BRATTLEBORO – In a food-infused entrepreneurial contest that included salsa, sriracha, syrup and elderberries, it’s probably no surprise that a guy who calls himself “Sugar Bob” ended up the winner.
During a stop in Brattleboro on Wednesday, a team of motorcycle-riding evaluators participating in a weeklong “Road Pitch” trip around Vermont decided that Rob Hausslein, of Londonderry, made the best case for expanding his business.
That honor came with a $500 check, a leather-clad teddy bear and a chance to move on to a statewide Road Pitch event in October. But for Hausslein, of Sugar Bob’s Finest Kind maple specialty business, the event was about more than cash.
“Coming out on top is less important to me than the growing experience of participating,” Hausslein said.
This is the fourth year of Road Pitch, an event first organized by Cairn Cross, co-founder and managing director of Shelburne-based Fresh Tracks Capital.
The idea is to bring people who have experience in business, entrepreneurship and investing – and who also happen to be riding motorcycles – to towns around the state to hear pitches from local small business owners.
The week began with stops in Essex Junction, Grand Isle, Lowell and Rutland. Wednesday brought the riders to Bennington and Brattleboro, and there are visits to Randolph, Barre, St. Johnsbury and Hyde Park scheduled Thursday and Friday.
The presenters are not random: Pitchers are chosen in advance and then receive intensive coaching to help them hone their speeches.
Though the format is the same, Cross said, “every town is different – they have their own styles.”
Brattleboro’s event, hosted by Strolling of the Heifers and Brattleboro Development Credit Corp., didn’t lack for variety.
It kicked off with Hausslein, who touted the demand for his smoked maple syrup and Vermont maple sriracha.
He was followed by Kathleen Gurney, of Brattleboro’s Salsa Sisters. The startup is looking for a better website, more kitchen space and other expansions, Gurney said.
Even at this early stage, she said, “we have quite a following of customers.”
The gathering then shifted from salsa to software, as Alec Koumjian, of RFPVerse, pitched a plan to help businesses win contracts by making it easier to find and navigate complex requests for proposals, known as RFPs.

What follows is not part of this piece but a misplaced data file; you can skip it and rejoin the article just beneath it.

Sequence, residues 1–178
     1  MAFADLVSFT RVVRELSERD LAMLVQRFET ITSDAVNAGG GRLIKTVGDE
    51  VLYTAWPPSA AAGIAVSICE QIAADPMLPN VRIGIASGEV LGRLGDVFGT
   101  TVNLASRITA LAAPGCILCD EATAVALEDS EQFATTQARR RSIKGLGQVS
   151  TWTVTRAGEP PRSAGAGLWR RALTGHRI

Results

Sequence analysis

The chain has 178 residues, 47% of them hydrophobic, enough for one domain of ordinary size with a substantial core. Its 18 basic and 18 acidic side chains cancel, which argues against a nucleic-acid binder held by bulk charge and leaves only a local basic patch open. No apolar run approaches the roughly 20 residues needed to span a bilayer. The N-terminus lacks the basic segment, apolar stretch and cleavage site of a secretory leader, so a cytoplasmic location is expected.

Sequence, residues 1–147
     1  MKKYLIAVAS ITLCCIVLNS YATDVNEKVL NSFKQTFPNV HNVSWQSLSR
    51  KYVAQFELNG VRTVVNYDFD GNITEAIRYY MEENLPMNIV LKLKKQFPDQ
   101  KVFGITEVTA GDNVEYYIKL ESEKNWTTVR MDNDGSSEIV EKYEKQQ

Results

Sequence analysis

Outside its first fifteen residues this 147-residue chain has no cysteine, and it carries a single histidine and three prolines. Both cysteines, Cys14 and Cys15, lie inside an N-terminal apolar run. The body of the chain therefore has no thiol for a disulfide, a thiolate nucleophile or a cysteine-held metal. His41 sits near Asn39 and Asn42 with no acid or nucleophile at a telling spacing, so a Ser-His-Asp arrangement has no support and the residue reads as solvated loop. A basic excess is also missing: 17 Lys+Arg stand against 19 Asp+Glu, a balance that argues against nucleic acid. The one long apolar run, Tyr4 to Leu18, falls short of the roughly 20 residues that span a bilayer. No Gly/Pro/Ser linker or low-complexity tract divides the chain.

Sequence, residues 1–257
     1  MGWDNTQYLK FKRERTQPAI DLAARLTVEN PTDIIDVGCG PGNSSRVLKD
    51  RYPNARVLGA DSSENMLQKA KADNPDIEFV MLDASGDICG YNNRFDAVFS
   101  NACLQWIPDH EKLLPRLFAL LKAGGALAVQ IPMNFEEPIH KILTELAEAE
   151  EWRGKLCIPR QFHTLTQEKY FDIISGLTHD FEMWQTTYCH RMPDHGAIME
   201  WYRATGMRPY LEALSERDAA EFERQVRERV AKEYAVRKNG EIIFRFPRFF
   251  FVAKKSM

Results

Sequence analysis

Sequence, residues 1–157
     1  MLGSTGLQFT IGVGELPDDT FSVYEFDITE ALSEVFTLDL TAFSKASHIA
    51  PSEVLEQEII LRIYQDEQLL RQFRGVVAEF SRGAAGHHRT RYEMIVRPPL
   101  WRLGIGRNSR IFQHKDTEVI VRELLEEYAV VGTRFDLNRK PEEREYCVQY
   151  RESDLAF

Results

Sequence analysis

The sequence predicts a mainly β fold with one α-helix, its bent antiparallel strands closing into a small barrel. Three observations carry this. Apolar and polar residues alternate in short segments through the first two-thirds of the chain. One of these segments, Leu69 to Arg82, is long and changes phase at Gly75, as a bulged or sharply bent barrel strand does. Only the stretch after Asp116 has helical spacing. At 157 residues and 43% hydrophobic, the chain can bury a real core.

“This opens up a whole world of contracts to small businesses that wouldn’t normally be able to compete for these contracts,” Koumjian said.
Gino Palmeri then took over to promote Vermont Elderberry, a Putney business that markets medicinal and food products from locally grown elderberries. Palmeri’s colorful pitch included a simulation of a talking elderberry bush, but his business intentions are serious.
“By this time next year, our annual sales should break $30,000,” Palmeri said.
The last presenter was CS Wurzberger, a Marlboro resident who has founded Green Up Kids, billed as “a nature club for kids that love animals and exploring the world.” She’s on a mission to provide educational materials and projects to kids and teachers, and she’s already developed a curriculum.
“We are all about offering programs that are empowering the next generation to become social entrepreneurs and help improve the planet,” Wurzberger said.
After brief deliberations, the business-minded bikers chose Sugar Bob’s Finest Kind as the top presenter.
It serves as further validation for Hausslein, a former contractor who quit his day job two years ago and says he’s “all-in at this point.”
He’s been making maple syrup for a quarter-century. But it was the development of a smoked syrup – a combination of maple syrup and real wood smoke – that set Hausslein and business partner Andrea Ogden on the path toward a fast-growing business.
Hausslein said they started by selling at the farmers market years ago. Sugar Bob’s Finest Kind sold 8,000 bottles of smoked syrup last year.
“We outgrew the sugarhouse. We outgrew the kitchen,” Hausslein said. “We went looking for new facilities, and we found them. Along the way, we picked up another brand – Vermont Maple Sriracha.”
Hausslein wants to double their sales in 2018. To do that, he plans to add more production space and a national salesperson.
Hausslein believes that, with “authentic storylines, clean ingredient labels and higher margins,” products like his are in the right place at the right time.
“Specialty food stands at a moment of opportunity,” he said.
He also sees the Road Pitch as a moment of opportunity for himself. The coaching sessions, he said, were “super helpful” in teaching him how to make a pitch to a big room and then answer probing questions about his goals.
“This was a tough thing to do for me,” Hausslein said. “I love to talk to people. I love to be out there at the farmers market, telling my story. But I’ve never pitched at this level with these concepts in place before.”